Data dynamo or dunce?

Dec. 28, 2023
Artificial intelligence models are only as good as the data used to train them

If there is an emerging technology that has captured the attention of plant operators, it’s generative artificial intelligence (AI). As we head into the holiday season, generative AI has become either the best present anyone could ask for or the biggest lump of coal everyone should dread. When it comes to process control applications, one’s perspective probably depends on whether the data used to train a generative AI model is nice or naughty.

There are plenty of voices in the technology sector warning of the importance of high-quality data for productive AI decision-making. I recently attended a panel discussion where leaders such as Rick Kephart, VP of technology at Emerson’s Power and Water Solutions business, and Rita Wouhaybi, senior AI principal engineer at Intel, spoke extensively about the role of data in the future development of AI in industry.

The dirty truth about AI is that it can only be as good as the data it is trained on, they said. Large-language AI models, such as ChatGPT, have become popular over the past year, but to be successful in industrial operations, they must be trained with specific plant data, much like a digital twin.

In this issue, we highlight the FieldComm Group's 2023 Plant of the Year, and it’s an example of the necessary interplay of historical data and future, AI-augmented plant processes. Daikin Industries Ltd., in Osaka, Japan, recently completed a digital transformation of its Kashima flurochemical plant, and developed a system to capture historical data from its HART-enabled devices to train AI models to augment process control. The system not only helps current operators be more productive, but also helps ensure future generations of operators will have the same learning models available to them when they take over managing the plant.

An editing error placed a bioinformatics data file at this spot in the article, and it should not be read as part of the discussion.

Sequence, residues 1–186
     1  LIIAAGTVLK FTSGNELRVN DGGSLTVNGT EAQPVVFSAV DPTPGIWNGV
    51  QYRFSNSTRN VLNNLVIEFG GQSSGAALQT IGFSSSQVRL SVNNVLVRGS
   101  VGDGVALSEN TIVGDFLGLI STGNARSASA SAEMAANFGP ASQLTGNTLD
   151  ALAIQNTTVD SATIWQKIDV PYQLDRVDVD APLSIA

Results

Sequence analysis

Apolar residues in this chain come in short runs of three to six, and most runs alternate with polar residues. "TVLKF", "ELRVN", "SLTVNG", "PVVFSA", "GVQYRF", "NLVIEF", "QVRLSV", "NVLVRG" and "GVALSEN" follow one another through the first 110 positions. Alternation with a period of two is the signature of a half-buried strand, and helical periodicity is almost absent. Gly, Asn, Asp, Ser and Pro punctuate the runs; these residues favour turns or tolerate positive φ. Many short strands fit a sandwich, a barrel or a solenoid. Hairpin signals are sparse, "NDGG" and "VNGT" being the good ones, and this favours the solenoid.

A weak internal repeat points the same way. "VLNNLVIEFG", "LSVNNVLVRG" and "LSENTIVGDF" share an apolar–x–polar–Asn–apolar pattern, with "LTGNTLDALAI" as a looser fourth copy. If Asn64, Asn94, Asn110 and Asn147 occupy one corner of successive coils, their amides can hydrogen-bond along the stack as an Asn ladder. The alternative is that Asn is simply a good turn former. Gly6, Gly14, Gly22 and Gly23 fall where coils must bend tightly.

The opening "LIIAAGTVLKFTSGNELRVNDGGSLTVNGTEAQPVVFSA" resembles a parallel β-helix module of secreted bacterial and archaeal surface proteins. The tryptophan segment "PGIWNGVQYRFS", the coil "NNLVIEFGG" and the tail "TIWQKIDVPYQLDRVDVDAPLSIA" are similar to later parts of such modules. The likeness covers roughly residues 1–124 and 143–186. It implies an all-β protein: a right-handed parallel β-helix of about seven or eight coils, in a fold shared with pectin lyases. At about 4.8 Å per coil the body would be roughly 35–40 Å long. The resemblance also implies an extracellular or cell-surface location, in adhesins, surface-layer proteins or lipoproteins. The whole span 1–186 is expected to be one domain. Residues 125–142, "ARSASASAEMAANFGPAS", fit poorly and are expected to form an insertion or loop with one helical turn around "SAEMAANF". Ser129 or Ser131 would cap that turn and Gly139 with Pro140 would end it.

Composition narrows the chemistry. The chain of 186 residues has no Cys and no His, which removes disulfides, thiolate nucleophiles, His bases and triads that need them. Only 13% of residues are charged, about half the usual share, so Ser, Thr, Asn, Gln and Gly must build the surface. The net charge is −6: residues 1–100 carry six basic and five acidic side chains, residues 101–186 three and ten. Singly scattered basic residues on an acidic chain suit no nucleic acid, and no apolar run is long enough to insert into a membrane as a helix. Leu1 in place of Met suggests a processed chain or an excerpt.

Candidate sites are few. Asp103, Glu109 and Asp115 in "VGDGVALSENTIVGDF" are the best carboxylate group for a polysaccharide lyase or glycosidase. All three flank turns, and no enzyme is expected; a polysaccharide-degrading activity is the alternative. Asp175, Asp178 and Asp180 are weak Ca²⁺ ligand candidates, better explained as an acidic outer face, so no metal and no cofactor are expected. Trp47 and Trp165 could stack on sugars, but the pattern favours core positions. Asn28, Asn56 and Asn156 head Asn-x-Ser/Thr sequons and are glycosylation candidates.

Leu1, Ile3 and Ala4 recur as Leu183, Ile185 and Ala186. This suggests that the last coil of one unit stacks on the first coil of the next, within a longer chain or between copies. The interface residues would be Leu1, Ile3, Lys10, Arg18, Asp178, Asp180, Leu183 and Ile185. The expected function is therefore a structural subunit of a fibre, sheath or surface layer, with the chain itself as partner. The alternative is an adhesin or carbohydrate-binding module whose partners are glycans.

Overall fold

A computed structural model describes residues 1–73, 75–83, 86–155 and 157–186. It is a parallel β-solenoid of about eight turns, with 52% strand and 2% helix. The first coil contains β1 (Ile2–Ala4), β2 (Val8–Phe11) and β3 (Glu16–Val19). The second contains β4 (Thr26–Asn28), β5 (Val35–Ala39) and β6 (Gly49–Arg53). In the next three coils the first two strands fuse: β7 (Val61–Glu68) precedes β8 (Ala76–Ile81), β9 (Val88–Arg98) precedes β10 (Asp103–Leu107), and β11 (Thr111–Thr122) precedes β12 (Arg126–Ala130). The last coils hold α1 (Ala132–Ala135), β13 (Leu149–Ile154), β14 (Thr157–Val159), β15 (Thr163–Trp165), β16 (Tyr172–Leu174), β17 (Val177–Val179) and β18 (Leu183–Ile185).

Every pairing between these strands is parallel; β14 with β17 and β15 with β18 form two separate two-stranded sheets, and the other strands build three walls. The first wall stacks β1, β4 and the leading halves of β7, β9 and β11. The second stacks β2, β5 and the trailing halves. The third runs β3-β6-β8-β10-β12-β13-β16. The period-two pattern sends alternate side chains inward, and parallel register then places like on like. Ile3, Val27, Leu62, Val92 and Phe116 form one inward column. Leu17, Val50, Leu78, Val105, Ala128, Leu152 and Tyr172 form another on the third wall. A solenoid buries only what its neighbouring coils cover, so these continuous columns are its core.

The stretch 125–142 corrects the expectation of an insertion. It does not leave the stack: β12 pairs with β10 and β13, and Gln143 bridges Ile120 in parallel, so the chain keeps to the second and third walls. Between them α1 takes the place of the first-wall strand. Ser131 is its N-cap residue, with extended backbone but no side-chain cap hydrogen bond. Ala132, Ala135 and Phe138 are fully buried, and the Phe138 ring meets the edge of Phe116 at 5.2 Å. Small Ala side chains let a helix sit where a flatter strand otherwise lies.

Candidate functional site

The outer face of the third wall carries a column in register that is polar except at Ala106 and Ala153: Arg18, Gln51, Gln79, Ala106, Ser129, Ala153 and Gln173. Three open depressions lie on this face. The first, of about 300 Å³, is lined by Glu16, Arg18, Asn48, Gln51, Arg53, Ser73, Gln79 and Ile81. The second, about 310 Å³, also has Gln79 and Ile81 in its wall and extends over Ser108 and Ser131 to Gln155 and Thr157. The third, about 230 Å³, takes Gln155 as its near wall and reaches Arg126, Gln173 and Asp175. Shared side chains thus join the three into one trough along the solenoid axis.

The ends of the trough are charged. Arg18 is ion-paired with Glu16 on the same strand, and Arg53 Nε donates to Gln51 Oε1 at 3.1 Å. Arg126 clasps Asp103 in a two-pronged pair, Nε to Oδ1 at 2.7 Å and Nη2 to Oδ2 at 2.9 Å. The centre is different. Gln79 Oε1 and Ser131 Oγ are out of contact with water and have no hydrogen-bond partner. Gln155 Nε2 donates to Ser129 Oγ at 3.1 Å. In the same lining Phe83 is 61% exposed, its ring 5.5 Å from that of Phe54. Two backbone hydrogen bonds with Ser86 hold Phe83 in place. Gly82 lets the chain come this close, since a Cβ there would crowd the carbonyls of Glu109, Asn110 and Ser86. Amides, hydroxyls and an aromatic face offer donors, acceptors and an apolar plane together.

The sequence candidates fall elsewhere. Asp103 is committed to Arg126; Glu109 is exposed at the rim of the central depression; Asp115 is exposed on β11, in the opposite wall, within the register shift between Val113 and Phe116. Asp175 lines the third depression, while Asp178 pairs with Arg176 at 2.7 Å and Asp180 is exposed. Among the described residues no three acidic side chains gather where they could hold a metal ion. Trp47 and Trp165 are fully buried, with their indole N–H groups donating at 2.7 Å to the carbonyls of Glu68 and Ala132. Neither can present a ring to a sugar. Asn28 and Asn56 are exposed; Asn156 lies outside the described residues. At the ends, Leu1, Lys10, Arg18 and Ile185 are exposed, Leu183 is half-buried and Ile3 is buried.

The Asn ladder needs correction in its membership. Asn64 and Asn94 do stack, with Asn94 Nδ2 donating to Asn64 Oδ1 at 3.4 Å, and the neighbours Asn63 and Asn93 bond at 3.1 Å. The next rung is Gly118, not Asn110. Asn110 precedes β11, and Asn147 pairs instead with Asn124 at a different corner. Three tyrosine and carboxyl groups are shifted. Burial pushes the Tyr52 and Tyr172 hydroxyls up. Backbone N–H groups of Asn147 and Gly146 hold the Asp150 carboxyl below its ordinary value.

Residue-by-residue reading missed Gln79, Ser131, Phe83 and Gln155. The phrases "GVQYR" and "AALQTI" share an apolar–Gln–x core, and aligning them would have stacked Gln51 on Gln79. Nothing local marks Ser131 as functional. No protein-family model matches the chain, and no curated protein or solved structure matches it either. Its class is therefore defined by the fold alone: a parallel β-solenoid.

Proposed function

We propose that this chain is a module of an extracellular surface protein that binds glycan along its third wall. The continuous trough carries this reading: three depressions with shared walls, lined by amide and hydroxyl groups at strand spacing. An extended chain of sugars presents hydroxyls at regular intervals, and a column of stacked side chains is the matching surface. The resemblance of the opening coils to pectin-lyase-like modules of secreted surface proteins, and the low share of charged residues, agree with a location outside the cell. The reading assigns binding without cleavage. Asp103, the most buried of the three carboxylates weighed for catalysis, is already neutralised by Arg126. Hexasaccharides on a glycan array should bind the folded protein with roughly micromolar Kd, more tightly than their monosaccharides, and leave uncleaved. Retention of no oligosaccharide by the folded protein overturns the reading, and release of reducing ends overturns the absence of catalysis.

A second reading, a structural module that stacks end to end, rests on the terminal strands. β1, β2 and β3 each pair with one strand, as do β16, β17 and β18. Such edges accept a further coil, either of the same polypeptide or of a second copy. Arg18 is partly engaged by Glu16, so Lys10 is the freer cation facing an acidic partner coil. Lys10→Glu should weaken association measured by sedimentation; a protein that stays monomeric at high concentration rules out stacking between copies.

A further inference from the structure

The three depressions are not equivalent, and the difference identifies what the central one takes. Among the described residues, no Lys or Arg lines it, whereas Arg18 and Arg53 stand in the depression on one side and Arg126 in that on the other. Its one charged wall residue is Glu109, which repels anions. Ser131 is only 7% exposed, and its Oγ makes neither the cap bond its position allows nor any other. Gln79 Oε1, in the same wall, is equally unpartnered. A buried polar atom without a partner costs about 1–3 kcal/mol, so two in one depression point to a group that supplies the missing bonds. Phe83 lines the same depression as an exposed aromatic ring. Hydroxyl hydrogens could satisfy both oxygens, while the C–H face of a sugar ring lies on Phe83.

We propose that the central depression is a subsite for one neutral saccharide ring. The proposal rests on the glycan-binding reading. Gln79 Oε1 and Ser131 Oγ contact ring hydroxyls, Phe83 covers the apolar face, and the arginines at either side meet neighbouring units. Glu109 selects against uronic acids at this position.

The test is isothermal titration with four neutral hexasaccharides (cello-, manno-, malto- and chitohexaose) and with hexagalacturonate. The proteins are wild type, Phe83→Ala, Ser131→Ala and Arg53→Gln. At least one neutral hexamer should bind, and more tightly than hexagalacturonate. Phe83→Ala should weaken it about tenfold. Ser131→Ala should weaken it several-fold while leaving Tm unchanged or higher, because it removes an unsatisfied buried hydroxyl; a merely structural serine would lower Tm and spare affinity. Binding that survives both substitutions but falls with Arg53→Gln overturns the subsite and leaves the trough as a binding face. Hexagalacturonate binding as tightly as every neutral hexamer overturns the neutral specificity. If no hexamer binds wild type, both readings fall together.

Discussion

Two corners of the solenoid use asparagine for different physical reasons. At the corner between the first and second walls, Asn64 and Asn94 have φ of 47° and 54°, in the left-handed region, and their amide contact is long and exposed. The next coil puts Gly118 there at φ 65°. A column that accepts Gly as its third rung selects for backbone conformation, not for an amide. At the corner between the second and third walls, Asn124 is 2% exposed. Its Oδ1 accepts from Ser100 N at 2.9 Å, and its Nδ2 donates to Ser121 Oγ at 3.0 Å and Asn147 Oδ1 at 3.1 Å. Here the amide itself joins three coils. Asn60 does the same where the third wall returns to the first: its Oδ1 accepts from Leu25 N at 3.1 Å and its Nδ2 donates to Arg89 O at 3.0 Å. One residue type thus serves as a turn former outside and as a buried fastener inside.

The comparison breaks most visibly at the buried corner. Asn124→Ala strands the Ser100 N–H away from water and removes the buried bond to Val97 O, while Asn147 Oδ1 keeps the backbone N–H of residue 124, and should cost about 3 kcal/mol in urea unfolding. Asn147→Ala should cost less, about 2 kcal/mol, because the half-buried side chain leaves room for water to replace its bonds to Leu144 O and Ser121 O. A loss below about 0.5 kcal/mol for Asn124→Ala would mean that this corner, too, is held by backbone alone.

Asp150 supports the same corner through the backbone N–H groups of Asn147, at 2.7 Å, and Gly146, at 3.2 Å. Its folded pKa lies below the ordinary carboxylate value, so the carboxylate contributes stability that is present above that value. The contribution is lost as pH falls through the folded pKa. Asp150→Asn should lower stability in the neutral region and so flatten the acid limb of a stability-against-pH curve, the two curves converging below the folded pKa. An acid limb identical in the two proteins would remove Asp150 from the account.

Meanwhile, a quick Google search for “the importance of data in AI” will yield countless technical journal articles dating back two years or more that hammer home this same point: if you want AI to work for your operation, you better first learn how to be a data dynamo and not be a data dunce. Otherwise, there’s no telling what may take place on the plant floor.

AI models present a great opportunity for plant operators, but those systems must think as human operators would in any given situation. There’s only one way to ensure they do—ensure data quality. And, that data quality still originates in the same sensors, controls and historians that have been running process automation for a long time.

About the Author

Len Vermillion | Editor in Chief

Len Vermillion is editor-in-chief of Control. 

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